Ever since I developed my iFlash – iPod compact flash adaptor, CF card capacities have not been in the same league as the equivalent hard drives. That has now changed with the introduction by A-Data of their new 32 gb Compact Flash Card.
Not only have they managed to get this card into the shops, but they have also priced it so we mere mortals can afford to buy one. At $64 (£35) (Newegg) this is one affordable card.
It was time for me to find out what it would be like to have a 32gb solid state video iPod!
- A-Data 32Gb Speedy CF Card (you can of course use smaller capacity)
- Apple Video Ipod (5g or 5.5g)
- Opening tool
- iFlash – Compact Flash Adapter
Installing the Compact Flash card in to the iPod is a pretty simple operation and normally takes less than 5 minutes to complete.
The hardest part of the fitting is opening the iPod. Place the iPod face up in the palm of your right hand, using the back of your thumb pull the front panel back towards your hand. This will hopefully create a small gap between the front and back panel – enough for you to push the thin end of the opening tool in to.
Pushing the opening tool deep in to the seam, run the tool up and down the side to release the retaining clips. Then keeping the tool buried deep in to the seam, move up and around towards the headphone socket and then down the right side. This should release most of the retaining clips. Using both hands manipulate the front and back till they separate – you may need to use the opening tool to release any stubborn clips.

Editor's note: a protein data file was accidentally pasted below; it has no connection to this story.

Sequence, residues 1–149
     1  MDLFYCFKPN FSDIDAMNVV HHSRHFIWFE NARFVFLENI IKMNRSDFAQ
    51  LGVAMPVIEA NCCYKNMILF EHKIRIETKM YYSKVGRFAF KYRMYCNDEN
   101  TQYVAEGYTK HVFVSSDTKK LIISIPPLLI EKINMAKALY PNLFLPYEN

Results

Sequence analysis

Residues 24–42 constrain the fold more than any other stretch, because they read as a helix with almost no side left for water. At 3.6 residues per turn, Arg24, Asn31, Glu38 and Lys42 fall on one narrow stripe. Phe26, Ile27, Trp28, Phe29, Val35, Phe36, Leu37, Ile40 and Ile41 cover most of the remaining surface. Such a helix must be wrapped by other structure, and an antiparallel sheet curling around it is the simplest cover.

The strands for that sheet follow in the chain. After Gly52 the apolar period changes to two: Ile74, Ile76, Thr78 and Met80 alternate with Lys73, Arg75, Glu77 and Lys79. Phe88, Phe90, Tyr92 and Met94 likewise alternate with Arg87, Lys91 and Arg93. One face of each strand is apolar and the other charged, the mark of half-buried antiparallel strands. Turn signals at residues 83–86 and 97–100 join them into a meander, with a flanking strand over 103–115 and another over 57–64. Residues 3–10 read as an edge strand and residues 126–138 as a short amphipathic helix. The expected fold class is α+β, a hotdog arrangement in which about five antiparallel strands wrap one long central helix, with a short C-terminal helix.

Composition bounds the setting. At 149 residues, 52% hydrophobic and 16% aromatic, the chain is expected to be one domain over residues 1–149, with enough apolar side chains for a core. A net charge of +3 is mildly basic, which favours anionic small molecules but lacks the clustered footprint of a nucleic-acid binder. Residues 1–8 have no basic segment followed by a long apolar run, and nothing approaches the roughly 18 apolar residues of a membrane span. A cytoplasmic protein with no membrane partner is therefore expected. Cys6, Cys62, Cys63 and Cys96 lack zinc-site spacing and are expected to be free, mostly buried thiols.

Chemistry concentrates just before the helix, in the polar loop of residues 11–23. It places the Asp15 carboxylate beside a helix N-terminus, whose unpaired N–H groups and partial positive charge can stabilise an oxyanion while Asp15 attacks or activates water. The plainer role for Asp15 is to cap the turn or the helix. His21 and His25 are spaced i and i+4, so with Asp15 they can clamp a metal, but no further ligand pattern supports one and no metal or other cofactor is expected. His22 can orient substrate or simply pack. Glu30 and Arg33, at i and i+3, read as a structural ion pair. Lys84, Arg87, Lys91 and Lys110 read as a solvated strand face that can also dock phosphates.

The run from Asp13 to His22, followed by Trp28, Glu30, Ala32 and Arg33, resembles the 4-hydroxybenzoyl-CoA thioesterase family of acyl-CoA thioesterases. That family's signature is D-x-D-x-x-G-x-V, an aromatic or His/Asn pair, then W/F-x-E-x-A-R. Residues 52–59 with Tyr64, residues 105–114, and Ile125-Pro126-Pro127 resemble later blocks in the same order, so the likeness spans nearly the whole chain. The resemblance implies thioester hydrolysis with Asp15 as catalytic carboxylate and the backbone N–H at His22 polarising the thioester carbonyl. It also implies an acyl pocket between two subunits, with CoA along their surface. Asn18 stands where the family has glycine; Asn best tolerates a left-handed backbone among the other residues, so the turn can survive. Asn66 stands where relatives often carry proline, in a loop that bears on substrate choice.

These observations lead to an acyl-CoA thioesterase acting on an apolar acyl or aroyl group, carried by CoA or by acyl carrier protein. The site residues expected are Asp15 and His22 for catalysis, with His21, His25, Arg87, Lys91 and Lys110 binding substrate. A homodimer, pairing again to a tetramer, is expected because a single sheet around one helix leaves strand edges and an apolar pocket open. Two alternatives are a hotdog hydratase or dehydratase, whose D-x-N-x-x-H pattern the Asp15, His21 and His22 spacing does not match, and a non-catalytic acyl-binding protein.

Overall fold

On separation you need to carefully release the battery connection. This can be done by very gently pulling at the FPC (Flexible Printed Circuit) to get it out of the connector. The safer option is to use a small screwdriver or toothpick to lift and release the lock which allows the FPC to slide out with ease. Place the front and back side by side, so not straining the headphone FPC connection.
You can now lift the hard drive away and down to expose the ZIF (Zero Insertion Force) connector. Using your fingernail or screwdriver lift the black bar on the hard drive to release the FPC, and then carefully remove the hard drive.
Take care not to strain the FPC or ZIF Connector on the iPod motherboard.
The black locking bar on the iFlash ZIF connector needs to be raised before fitting the adaptor in to the iPod. I normally get the hard drive ribbon in to the iFlash connector before pressing the adaptor down in to the iPod. Make sure that the FPC is fully inserted in to the ZIF connector – you can use a small screwdriver or toothpick to gently push in each end of the FPC in to the connector.
Lock the ZIF Connector by pressing down the black bar.
I suggest restoring and checking the iPod works correctly before closing up the case.
On initial power-up you will be greeted by the connect to computer warning screen.
On the nextpage I cover the iTunes restore process.